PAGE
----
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Colorado using ad campaign to sell value of hunting and fishing

Colorado is running ad campaigns to inform the public on the benefits hunting and fishing provide for the state. 

The mainstream public often knows little that is positive about hunters and fishermen. Colorado is taking a noteworthy step to change this with a series of radio, TV and billboard ads funded by a license surcharge.

Thirty-eight million Americans hunt and/or fish, but let's face it, folks, that's slightly less than 13 percent of the general public. In short, hunters and fishermen are a minority group. In some case, even an endangered species.

In the Information Age, the vast majority of people, including most of those who do not hunt or fish, spend over 95 percent of their time indoors, where first-hand contact with nature is limited and information primarily comes in over the media.

In that media-driven reality, the non-sportsmen majority hear and see a constant stream of messages about ecological issues and problems, most recently global warming, coming from a variety of groups that are dependant upon crises, real or imagined, to keep up their flow of funding coming. They also hear a constant patter of negative sound bites generated by animal rights groups.

Unless you are tuned to one of the outdoor cable networks, you will hear little or nothing positive about hunters and fishermen and their vital role in conservation. And how many non-sportsmen watch hunting and fishing shows?

The folks in Colorado's Department of Department of Natural Resources Division of Wildlife grasped this situation, and uniquely they decided to do something about it.

In 1999, the state legislature created the Wildlife Management Public Education Advisory Council. The job of the council is to develop and implement a comprehensive media-based information program to educate the general public about the benefits of wildlife, wildlife management, and wildlife-related recreation in Colorado.

The Council is made up of nine members:

• Two from the hunting and fishing public east of the continental divide.

• Two from the hunting and fishing public west of the continental divide.

• A representative from the agriculture and livestock industry.

• Another represents municipalities while the sixth represents counties.

(Both must be from communities impacted by hunting and fishing recreation and revenues.)

• The eighth member is a media/marketing expert.

• The final member represents the CDOW.

Despite its admirable mission, the Council lacked funding to accomplish its mission. Thus began a sequential program to educate sportsmen about the value of such a program, build support, and raise money.

Finally, legislation in 2005 authorized a $0.75 surcharge on most hunting and fishing licenses. Funds from this surcharge became available in mid-2006 and continued to build in 2007. As of June 30, 2006 the new program had generated slightly more than half a million dollars so that the dedicated fund totaled approximately $700,000.

From July 1, 2006 to mid-September the license surcharge generated approximately another $225,000, with the balance of the big game rifle hunting seasons still pending.

With this war chest, the Council retained a major advertising firm and began a massive PR campaign. Radio ads began in October, television ads in November and the outdoor billboard communications component started in January 2007. These are paid ads.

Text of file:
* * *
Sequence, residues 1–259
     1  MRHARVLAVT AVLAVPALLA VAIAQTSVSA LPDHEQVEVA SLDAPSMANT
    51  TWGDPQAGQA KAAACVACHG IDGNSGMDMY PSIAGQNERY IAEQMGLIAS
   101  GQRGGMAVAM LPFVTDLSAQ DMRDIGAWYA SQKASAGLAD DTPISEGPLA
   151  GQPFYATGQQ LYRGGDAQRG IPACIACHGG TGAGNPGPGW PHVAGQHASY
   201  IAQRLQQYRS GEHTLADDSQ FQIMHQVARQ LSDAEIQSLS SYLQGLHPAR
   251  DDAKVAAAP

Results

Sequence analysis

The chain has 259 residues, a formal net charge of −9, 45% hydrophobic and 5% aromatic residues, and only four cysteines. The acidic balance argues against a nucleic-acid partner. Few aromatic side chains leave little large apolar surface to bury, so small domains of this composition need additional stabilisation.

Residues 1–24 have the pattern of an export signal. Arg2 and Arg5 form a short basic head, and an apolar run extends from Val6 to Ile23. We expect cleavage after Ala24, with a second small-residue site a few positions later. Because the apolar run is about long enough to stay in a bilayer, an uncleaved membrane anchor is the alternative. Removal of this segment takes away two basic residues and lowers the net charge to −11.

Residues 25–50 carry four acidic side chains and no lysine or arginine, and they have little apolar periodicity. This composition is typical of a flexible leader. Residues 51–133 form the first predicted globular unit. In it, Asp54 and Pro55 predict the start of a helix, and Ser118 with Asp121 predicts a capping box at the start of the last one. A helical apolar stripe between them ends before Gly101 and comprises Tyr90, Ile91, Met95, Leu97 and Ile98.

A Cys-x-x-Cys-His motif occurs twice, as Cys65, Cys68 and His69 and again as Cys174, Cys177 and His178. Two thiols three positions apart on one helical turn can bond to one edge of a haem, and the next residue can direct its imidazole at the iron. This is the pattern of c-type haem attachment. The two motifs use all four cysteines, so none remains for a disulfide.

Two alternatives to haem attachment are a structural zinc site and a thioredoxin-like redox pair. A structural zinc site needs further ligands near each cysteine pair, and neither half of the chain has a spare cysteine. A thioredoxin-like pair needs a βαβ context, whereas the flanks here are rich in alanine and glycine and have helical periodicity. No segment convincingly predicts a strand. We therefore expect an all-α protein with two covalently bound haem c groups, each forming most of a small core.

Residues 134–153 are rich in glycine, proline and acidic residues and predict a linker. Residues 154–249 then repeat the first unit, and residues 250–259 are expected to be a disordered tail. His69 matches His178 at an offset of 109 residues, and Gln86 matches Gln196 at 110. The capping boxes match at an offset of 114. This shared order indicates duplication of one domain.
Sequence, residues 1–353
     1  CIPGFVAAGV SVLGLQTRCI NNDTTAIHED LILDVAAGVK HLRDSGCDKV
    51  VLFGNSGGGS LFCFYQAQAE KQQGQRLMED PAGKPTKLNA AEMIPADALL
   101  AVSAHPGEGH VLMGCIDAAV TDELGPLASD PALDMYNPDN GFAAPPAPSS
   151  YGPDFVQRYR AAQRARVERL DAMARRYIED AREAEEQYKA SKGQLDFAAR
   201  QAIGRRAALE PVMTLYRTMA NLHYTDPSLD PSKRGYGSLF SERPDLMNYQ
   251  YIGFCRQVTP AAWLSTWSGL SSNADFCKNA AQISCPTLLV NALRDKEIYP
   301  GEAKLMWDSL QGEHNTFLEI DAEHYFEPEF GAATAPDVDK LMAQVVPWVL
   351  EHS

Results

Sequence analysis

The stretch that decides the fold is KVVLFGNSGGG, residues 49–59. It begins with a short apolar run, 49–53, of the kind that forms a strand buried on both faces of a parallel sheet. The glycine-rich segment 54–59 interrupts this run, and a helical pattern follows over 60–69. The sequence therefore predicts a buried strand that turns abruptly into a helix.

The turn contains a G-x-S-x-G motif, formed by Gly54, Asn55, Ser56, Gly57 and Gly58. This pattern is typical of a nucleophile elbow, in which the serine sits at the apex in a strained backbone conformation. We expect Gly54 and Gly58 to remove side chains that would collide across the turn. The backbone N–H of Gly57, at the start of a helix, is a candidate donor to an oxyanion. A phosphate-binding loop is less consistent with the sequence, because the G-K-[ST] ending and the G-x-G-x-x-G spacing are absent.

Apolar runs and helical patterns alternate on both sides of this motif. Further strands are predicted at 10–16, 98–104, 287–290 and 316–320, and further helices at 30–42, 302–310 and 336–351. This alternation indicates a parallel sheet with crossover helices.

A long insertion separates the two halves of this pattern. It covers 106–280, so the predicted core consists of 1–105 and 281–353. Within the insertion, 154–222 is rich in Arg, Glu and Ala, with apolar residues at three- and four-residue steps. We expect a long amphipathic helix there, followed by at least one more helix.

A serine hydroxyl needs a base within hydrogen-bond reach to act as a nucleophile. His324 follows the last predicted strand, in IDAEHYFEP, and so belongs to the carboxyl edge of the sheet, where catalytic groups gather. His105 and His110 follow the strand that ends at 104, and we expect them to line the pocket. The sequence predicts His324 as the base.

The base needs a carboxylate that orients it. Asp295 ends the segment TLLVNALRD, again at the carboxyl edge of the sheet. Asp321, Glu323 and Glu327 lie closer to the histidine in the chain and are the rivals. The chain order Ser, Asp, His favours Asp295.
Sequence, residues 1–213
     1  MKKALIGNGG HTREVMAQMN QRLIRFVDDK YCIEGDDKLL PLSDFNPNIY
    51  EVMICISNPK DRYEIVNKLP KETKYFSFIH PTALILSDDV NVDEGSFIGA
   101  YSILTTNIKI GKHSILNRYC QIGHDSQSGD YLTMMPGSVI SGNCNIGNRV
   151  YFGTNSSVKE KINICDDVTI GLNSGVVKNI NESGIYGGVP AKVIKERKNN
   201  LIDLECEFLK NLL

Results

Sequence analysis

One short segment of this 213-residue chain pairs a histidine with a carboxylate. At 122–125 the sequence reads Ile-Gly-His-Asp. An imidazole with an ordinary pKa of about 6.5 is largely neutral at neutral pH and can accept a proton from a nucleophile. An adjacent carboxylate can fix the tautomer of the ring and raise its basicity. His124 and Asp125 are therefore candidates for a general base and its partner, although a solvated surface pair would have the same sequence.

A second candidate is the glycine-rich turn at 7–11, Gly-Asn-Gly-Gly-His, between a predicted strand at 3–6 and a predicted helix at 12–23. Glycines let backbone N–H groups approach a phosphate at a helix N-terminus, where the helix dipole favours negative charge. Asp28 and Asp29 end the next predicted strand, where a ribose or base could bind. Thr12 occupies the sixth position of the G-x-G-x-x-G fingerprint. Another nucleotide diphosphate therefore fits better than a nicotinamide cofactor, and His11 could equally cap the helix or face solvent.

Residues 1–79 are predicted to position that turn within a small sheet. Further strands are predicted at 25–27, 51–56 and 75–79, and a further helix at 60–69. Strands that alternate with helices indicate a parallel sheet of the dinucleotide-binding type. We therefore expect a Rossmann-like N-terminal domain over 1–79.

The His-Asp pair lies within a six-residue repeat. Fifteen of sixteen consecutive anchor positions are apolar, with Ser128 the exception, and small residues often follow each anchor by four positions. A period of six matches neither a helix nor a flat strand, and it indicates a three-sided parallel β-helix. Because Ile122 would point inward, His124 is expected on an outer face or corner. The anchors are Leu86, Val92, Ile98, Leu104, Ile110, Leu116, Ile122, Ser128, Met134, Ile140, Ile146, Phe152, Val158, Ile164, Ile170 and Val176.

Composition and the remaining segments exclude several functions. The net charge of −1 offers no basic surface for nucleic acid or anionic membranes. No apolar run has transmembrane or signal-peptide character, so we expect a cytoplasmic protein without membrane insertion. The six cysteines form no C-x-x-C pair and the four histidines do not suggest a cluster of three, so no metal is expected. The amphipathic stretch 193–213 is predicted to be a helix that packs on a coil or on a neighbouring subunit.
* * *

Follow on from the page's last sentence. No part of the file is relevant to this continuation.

The first round of ads told people what the Colorado Division of Wildlife does. The second round clearly states that the Division of the Wildlife is supported by the licenses sales of hunters and fishermen.

The final wave of ads tells people about the economic impact of hunting, wildlife watching and fishing in the state — almost one billion dollars.

Research finds that the average Colorado adult will see an average of 24 of these ads during the first year's campaign.
Hunting and fishing groups have done and continue to do a tremendous amount of work to preserve habitat, which is commendable and necessary.

Signs on tracts of remote lands preserved are valuable, but if people don't visit these places, they don't see the signs, and there is little value to educating the general public about the role of sportsmen in conservation.

In this modern media age, preserving habitat alone is not enough to insure the future of outdoor sports.

Yes, you can pass laws that protect legal hunting and fishing, but then opponents come along and chip away at what is "legal hunting" — banning doves, cougar, urban deer, hunting with lead bullets, etc.

The Colorado campaign will raise awareness and change the image of outdoor sportsmen. That will not only help all people become aware, it will also help with recruitment as people come to understand the value of outdoor sports to conservation.

The future of hunting and fishing lies with the majority of the public who do not hunt or fish. The Council believes that the program will be on the "cutting edge" of what will evolve to be a national model for other states.

To my knowledge, it is. Colorado is taking a lead. Let's hope the rest of the nation will soon follow.

James Swan — who has appeared in more than a dozen feature films, including "Murder in the First" and "Star Trek: First Contact," as well as the television series "Nash Bridges," "Midnight Caller" and "Modern Marvels" — is the author of the book "In Defense of Hunting." Click to purchase a copy. To learn more about Swan, visit his Web site.